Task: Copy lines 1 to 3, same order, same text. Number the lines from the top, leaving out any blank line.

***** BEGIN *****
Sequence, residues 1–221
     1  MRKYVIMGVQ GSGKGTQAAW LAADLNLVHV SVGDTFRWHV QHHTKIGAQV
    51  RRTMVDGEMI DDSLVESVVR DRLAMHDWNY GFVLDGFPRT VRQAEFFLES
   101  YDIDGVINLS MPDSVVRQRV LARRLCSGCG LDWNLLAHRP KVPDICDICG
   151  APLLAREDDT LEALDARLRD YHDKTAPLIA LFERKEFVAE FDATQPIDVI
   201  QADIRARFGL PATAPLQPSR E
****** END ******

Sequence, residues 1–221
     1  MRKYVIMGVQ GSGKGTQAAW LAADLNLVHV SVGDTFRWHV QHHTKIGAQV
    51  RRTMVDGEMI DDSLVESVVR DRLAMHDWNY GFVLDGFPRT VRQAEFFLES